But as time goes on, and I continue to refine my work and learn to express myself better, I am also gaining experience that will make me more confident and better at putting the ingredients of a story together. I’ll know how much seasoning is needed to express a mood, how far to stretch a metaphor, or when I’m in danger of serving an idea that is overbaked.

And you’re welcome to come on into my test kitchen anytime and have a taste. Sometimes you’ll get a remnant of scraps I wanted to use up, or maybe you’ll get an early sample of something bigger I’m working on. No matter what you think, this chef appreciates your feedback, and hopes you’ll be back for another meal soon.

Thank You, HighEdWeb NE

This is the final post in my 10 week narrative about the creation of my keynote talk for the 2016 HighEdWeb New England regional conference,  held at Mount Holyoke College on March 18. You can find an index of all the posts in this series on my #ShareHuman page.

So that went well, all things considered. Not bad for a first time keynote speaker, and I am so glad that it was for a room full of peers and mentors and friends that made me feel very welcome and comfortable right from the moment I arrived at Mount Holyoke College last week.

(Of course, you’ll never go wrong surprising me with a basket full of custom playing cards, fresh coffee, beer, books, and a gift card for my favorite purveyor of local meats—this HEWebNE planning committee did their homework and knew just how to make someone who’s naturally bashful about receiving gifts feel really special.)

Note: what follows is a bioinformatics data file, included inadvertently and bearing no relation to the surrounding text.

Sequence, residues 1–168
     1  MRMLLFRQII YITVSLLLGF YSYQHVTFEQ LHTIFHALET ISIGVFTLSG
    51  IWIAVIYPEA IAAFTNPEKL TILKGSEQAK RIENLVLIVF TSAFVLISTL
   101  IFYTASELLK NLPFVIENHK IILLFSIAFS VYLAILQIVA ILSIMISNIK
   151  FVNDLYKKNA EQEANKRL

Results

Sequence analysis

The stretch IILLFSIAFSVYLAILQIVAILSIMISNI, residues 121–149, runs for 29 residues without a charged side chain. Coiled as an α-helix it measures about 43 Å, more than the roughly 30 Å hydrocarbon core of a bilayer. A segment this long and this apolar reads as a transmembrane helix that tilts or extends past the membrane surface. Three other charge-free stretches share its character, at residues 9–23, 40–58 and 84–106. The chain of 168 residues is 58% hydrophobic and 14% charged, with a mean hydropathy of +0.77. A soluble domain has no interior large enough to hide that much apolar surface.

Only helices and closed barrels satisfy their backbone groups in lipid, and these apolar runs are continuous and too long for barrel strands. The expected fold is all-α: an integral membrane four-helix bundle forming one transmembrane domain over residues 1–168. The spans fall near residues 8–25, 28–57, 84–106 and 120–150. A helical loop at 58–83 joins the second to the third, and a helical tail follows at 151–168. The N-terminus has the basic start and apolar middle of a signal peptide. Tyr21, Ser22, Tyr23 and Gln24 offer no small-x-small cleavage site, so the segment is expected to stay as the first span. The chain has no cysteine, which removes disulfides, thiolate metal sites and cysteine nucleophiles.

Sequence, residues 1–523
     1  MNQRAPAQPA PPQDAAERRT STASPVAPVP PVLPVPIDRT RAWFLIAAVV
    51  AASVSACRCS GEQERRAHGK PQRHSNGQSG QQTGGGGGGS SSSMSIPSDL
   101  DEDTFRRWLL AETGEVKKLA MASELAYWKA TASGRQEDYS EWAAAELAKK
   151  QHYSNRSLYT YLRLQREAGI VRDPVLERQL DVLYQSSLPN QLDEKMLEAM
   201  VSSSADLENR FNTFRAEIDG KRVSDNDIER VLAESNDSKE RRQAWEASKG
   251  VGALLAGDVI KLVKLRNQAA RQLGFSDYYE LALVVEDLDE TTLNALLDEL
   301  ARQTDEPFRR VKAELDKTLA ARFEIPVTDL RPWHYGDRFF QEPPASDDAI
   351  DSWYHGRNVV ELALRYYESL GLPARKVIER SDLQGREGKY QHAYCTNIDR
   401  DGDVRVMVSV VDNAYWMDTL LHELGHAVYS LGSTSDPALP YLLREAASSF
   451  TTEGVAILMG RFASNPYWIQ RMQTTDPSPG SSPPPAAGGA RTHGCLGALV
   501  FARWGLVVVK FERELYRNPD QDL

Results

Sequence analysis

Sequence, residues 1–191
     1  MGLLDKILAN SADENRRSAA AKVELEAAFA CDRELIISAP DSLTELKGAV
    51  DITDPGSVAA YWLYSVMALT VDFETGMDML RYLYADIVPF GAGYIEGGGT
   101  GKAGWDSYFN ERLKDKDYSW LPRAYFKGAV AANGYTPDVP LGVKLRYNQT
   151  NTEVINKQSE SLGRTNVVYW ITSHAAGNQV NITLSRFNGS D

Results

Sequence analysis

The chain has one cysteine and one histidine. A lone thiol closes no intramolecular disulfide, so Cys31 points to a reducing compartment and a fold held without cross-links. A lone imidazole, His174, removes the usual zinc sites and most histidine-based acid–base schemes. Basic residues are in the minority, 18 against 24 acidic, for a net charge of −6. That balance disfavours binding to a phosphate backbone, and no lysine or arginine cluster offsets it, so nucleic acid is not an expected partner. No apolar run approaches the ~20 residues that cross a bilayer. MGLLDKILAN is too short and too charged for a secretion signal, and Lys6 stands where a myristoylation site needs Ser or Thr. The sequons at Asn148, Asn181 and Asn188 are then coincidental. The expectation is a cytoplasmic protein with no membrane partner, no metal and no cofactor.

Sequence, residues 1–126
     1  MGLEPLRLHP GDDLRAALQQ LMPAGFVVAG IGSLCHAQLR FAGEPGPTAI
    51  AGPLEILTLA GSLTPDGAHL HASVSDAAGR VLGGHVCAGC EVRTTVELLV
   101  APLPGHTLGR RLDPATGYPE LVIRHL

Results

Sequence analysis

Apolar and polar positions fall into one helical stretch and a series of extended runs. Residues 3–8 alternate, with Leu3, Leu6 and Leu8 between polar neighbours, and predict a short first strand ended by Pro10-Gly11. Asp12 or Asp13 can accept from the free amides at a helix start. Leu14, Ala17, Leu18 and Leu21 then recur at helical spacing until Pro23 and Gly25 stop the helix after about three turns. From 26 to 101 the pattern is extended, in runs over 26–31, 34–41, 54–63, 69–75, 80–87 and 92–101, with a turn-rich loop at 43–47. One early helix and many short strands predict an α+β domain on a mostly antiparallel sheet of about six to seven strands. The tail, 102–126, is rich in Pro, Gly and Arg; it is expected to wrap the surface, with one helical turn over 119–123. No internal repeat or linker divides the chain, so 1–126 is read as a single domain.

And as much as being with all these people at this conference made me want to give my best, especially with so many great presentations before and after my talk, I could also tell that even if I had problems they would be there to support me. I could have failed spectacularly in front of this group, and it would have been hard to deal with, but I know they would have boosted me through it.

But it never came to that. As soon as I was able to start talking (and get a boost of good ol’ Moxie in me to help make up for only four hours of sleep) it all started to flow, and I entered The Presenter Zone… Continue reading →

photo by Chetan Menaria

Letting Go to Move Forward

I just had my last-ever meeting with my boss. She’s leaving our office  after 13 years of work in higher ed marketing for a big opportunity in a different industry and a different town. She’s taking a bold step, leaving behind an institution that not only helped shape her, but that she helped shape for others.

I’ve been trying to figure out how I feel about the whole thing and frankly I’m in a bit of a daze.

On one hand, I don’t blame her for leaving when she is. Our office and our campus have been on a very bumpy road this year, especially over the past few months. She stepped up to take on a lot for our team and was not rewarded well for her efforts. Combined with all the continued protests and negative vibes going around our campus, plus new leadership still just settling in and others vacancies still to be filled, I think her timing is actually probably perfect.